Current Lab Activities / Interests
The nematode Caenorhabditis elegans is a well established model system for neurobiological and behavioral studies. The animal has only 302 neurons in its entire nervous system, and all the interconnections among these various neurons have been resolved by electron microscopy. For example, there are only 5,600 connections among the small number of cells in the nervous system. Consequently, the animal is the only model system in which such a complete understanding of its neuroanatomy is known. Additionally, there is an extensive collection of different mutants with genetic defects in one or more aspects of this neuroanatomy. This allows, through genetic dissection, confirmation of neurobiological aspects associated with any observed behavioral response. Essentially, the animal is ideally suited for studies of the neurobiological mechanisms by which an animal responds to environmental changes/stimuli.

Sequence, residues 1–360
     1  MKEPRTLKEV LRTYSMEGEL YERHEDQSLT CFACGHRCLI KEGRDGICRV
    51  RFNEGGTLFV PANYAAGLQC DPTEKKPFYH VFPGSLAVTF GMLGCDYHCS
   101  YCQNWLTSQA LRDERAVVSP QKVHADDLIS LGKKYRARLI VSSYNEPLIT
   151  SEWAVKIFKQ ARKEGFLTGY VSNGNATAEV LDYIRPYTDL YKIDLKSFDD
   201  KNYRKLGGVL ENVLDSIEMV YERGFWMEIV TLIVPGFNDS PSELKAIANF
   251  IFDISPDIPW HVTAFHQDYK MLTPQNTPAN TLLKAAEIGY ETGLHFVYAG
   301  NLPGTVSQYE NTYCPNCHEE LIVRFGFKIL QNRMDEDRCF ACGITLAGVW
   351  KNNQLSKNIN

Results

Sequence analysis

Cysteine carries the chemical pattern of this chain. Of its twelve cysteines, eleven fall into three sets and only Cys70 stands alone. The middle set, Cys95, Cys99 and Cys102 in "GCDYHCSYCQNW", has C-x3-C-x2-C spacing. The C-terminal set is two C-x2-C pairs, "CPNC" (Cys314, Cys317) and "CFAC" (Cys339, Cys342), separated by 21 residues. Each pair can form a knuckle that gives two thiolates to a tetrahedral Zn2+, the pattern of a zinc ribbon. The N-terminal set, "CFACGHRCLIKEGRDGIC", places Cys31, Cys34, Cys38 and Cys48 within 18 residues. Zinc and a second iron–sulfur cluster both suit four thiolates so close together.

Interestingly, the nematode has been shown to be sensitive to a large number of volatile and nonvolatile chemicals. This is particularly important since only two neuron types have been found to be dedicated to volatile chemical reception. Such neural arrangements, which possibly share either receptors or neuronal pathways, should lead to ambiguous responses in environments in which a number of different stimuli are prevalent.
Fundamental to this line of research is basic knowledge of the nematode's sensitivity to different chemicals. We are presently using video image capture and computer tracking technology developed by David Dusenbery (School of Biology, Ga. Tech) to monitor nematode behavior. Specifically, we are interested in exploring the interplay between volatile chemicals and thermal stimuli.